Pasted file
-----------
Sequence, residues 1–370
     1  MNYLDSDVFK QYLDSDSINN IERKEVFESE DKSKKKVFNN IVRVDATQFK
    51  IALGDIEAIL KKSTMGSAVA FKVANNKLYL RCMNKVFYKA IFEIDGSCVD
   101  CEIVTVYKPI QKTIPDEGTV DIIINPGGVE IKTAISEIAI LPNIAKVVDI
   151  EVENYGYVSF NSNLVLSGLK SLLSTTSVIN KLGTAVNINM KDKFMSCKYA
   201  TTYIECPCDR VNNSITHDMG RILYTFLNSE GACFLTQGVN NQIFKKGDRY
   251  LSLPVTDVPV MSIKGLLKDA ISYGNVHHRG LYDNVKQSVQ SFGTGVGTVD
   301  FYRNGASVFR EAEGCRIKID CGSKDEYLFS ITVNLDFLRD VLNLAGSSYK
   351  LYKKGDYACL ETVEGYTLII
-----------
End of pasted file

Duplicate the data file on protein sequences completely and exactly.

Sequence, residues 1–370
     1  MNYLDSDVFK QYLDSDSINN IERKEVFESE DKSKKKVFNN IVRVDATQFK
    51  IALGDIEAIL KKSTMGSAVA FKVANNKLYL RCMNKVFYKA IFEIDGSCVD
   101  CEIVTVYKPI QKTIPDEGTV DIIINPGGVE IKTAISEIAI LPNIAKVVDI
   151  EVENYGYVSF NSNLVLSGLK SLLSTTSVIN KLGTAVNINM KDKFMSCKYA
   201  TTYIECPCDR VNNSITHDMG RILYTFLNSE GACFLTQGVN NQIFKKGDRY
   251  LSLPVTDVPV MSIKGLLKDA ISYGNVHHRG LYDNVKQSVQ SFGTGVGTVD
   301  FYRNGASVFR EAEGCRIKID CGSKDEYLFS ITVNLDFLRD VLNLAGSSYK
   351  LYKKGDYACL ETVEGYTLII